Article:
We met Abu Hussein when we were sitting once at Abu Adal’s kiosk in “Dalieh” in Beirut. He told us that he is one of the ten fishermen who were evicted from their sea-front rooms that were located under the Grand Café, a café on the southern coast of Beirut. These fishermen had been using these rooms for the past 40 years, as long as the café had been there. But the café did not used to look like it does today. Ever since its owners “upgraded” it in 2010, they saw the presence of these fishermen as undesirable, as a nuisance to the new image the café was trying to portray. And like that, the fishermen were evicted, given $4,000 compensation each, and moved to new fishermen rooms in Dalieh.
Today, the fishermen community of Dalieh is facing a similar battle. They recently received a lawsuit to evict the houses that they had informally built since the 1950s. The fishermen’s eviction signals a planned private real-estate development project in Dalieh.
Each location on the coast of Beirut has a different story. Accounts circulate about how the sea is being gradually closed off from the public. Studies are reported about how a law, or an exception to a law, or the trespassing of a law, is used by the political elite to enable the construction of big hotels and private sea resorts with exclusive access.
In fact, since the end of the Lebanese civil war in 1990, Beirut has been undergoing diverse forms of control over public space. It has particularly witnessed the gradual disappearance of coastal lands accessed by the public, which has been happening through a legalization of the de-facto privatization of the coastal line that occurred during the war years[i], and even before.
It is in this context that the project This Sea Is Mine was conceived. It is a site-specific performance and a research project that explored the concepts of access to the sea and public space throughout the city and anchored in Beirut’s seafront. The audience was invited to take part in a journey on a fishing boat from the Ein el-Mreisse fishermen’s port to Dalieh and Ramlet el-Baida beach.
During the journey, we stopped at each resort and revealed its land ownership, the laws that govern it, and the practices of its users. The project relied in its development on fieldwork, collaboration with several fishermen, collection of oral history as well as legal texts. Alongside the site-specific performance, the outcome of the project was a printed booklet that includes all research findings and oral narratives, as well as the produced maps. The booklet was distributed to the local fishermen community and in many venues in Beirut. It was also used as a tool during the performance.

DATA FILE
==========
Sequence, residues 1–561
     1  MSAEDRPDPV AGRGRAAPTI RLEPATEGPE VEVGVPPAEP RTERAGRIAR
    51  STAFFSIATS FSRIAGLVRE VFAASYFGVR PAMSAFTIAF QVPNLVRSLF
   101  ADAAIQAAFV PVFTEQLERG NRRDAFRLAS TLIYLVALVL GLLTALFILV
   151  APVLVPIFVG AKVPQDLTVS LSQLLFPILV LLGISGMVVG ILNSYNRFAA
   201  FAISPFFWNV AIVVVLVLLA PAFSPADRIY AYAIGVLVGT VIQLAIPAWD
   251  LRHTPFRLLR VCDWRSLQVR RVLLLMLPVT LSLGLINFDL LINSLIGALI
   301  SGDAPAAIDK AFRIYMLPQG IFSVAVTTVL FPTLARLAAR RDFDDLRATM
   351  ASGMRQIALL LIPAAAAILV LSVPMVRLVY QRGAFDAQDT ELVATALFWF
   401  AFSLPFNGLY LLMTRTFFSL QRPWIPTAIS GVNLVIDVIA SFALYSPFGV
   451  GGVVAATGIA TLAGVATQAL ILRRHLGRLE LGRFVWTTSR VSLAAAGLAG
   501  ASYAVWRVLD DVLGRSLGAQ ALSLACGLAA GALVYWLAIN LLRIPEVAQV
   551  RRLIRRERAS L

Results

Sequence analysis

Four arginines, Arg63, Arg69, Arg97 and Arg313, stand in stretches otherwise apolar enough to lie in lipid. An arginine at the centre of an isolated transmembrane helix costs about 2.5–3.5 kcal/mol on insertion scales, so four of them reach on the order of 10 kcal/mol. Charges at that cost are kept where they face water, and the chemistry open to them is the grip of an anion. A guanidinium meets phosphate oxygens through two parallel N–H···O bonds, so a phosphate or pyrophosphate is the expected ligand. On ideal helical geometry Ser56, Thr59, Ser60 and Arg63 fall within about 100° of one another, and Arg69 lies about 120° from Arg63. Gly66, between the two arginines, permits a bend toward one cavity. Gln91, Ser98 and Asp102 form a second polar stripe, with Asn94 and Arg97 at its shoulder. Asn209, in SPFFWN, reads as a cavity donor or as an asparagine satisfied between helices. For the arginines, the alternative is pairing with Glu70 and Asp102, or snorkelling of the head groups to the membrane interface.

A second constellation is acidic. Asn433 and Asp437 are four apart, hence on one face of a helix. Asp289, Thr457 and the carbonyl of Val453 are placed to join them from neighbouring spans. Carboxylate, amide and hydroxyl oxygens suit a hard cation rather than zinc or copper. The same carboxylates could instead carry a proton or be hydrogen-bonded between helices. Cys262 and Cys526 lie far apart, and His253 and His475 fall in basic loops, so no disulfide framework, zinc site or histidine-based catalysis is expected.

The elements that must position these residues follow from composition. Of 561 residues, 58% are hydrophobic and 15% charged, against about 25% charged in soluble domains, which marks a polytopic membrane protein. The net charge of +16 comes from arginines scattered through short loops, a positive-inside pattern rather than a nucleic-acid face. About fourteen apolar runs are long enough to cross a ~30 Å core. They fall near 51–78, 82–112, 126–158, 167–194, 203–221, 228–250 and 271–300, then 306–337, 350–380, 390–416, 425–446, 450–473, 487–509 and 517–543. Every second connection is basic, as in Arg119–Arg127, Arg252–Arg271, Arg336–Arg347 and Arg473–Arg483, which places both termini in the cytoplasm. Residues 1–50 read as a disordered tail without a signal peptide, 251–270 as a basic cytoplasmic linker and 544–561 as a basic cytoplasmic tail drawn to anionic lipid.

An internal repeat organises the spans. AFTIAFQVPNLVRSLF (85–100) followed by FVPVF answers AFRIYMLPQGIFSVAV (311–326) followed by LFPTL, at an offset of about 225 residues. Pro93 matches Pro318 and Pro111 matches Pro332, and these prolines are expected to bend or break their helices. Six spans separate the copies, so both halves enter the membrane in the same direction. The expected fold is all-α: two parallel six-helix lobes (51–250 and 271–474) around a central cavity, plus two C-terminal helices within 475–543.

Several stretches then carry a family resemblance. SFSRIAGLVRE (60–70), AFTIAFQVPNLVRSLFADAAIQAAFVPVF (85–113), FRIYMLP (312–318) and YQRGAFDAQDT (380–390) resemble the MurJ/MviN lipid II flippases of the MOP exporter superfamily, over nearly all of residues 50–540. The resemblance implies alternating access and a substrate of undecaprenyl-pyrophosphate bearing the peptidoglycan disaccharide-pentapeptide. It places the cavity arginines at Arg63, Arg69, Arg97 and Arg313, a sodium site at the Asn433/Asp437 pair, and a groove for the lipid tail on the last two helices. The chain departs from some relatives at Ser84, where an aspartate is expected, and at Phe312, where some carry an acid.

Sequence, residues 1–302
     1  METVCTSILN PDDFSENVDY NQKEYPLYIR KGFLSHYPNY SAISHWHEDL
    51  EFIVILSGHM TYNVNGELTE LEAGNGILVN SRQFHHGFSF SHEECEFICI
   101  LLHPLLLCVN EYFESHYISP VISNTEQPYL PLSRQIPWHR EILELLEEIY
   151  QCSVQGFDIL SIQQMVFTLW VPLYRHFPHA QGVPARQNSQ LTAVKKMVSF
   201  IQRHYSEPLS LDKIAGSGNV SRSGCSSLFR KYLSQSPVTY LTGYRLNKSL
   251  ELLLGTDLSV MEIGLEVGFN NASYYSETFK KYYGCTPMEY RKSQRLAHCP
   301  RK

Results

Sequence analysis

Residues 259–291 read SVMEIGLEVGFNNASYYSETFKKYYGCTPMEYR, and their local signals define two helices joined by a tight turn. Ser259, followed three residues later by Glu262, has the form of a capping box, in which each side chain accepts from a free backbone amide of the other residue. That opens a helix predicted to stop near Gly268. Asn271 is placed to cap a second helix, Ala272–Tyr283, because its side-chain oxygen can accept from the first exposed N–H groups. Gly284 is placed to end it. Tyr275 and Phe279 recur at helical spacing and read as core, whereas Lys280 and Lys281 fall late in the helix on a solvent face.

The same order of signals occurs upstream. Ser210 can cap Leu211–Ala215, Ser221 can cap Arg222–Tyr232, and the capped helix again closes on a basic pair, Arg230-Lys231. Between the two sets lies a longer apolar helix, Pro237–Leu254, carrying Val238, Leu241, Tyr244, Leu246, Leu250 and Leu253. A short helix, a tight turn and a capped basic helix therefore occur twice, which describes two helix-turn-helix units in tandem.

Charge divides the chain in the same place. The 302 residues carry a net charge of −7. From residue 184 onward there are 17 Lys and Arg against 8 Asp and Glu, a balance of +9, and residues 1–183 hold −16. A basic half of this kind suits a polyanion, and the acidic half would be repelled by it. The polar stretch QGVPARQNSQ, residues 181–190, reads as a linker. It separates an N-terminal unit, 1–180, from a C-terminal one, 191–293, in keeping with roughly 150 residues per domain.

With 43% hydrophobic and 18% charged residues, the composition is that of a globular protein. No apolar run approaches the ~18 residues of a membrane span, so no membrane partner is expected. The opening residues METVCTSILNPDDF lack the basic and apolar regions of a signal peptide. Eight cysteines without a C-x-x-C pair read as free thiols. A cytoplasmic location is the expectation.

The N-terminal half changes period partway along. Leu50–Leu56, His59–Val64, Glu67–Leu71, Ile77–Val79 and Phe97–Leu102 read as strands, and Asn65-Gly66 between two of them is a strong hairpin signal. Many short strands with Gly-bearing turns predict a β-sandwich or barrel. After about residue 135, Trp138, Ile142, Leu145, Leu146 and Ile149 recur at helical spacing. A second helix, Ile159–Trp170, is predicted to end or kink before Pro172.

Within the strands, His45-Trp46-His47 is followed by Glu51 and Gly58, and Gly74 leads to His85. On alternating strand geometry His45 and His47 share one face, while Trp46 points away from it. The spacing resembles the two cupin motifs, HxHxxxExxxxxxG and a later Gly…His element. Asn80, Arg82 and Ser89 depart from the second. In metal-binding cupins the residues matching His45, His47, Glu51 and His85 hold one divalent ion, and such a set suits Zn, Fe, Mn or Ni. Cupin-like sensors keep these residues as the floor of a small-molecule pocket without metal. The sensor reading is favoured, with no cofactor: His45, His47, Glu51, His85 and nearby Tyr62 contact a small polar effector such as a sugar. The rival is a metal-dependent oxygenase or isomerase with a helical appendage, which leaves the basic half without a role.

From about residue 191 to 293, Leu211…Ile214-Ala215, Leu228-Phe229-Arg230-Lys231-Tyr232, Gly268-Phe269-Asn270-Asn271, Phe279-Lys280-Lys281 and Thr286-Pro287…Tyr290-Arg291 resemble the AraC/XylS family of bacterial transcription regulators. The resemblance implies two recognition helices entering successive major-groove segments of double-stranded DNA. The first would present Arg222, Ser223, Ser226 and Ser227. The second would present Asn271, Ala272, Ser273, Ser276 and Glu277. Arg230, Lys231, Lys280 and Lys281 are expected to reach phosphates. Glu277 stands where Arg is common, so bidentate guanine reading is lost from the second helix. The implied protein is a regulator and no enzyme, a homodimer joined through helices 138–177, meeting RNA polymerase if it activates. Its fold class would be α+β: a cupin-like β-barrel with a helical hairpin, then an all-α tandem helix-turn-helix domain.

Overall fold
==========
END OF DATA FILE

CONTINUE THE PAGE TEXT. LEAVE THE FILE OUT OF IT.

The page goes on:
In reference to main map in the booklet, the trip started adjacent to Zaytouna Bay: a section of the sea-front corniche where the public is closely monitored by an army of private guards and surveillance cameras. It is a new marina area created over the rubble of a historic fishermen port now turned into one of the most expensive real-estate in the region.
The boat then stopped at the RivieraBeach Resort which lies in Zone 9 of the 1954 Beirut Master Plan and mandated against any building development. Yet it benefits from Law 4810 (issued in 1966) which allows for the exploitation of the public domain by private resorts.
The journey continues adjacent to the Bain Militaire: a massive beach resort with pools, restaurants and playing fields, owned by the Lebanese army and used as an officers’ club. All the buildings of this resort had been erected on public lands where the zoning regulation bans any form of contruction; the project is entirely illegal.
The trip continues, passing by several similar cases, and before the last destination, it exposes the case of Movenpick Hotel. This plot lies in Zone 10-IV of the 1954 Master Plan, which allows for building on 15% of the plot, with a maximum height of 9 meters, strictly for sports and maritime activities. However, during the civil war, a man from the Daher family bought this plot under the name of Merriland Company, and was able to purchase it in 1986. And through his connections with the political class at the time, he was able to acquire a building permit to execute a 10-storey hotel and resort on most of the area of the plot. In 1988, Daher was able to get a permit through a “presidential decree”, claiming that it was not possible to consult the specialized authorities!
Public Space as Use
Yet despite the above-mentioned conditions, or perhaps at least partially because of them, Beirut dwellers today still lay claim to a limited number of open areas in the city. These are used as “public” spaces in the sense that they are accessed freely and allow for an unconfined range of social activities to occur. Access to these spaces is secured through social and communal agreements through which their uses are organized.
One such case is our last destination in the journey: the Dalieh of Beirut.
Dalieh is the name of the large piece of sea-front land in Rawcheh area that stretches between the Movenpick hotel and the Corniche towards the sea. The land however is made up of several large private plots. Since the 1940s, this site has been declared an un-built land property of several families.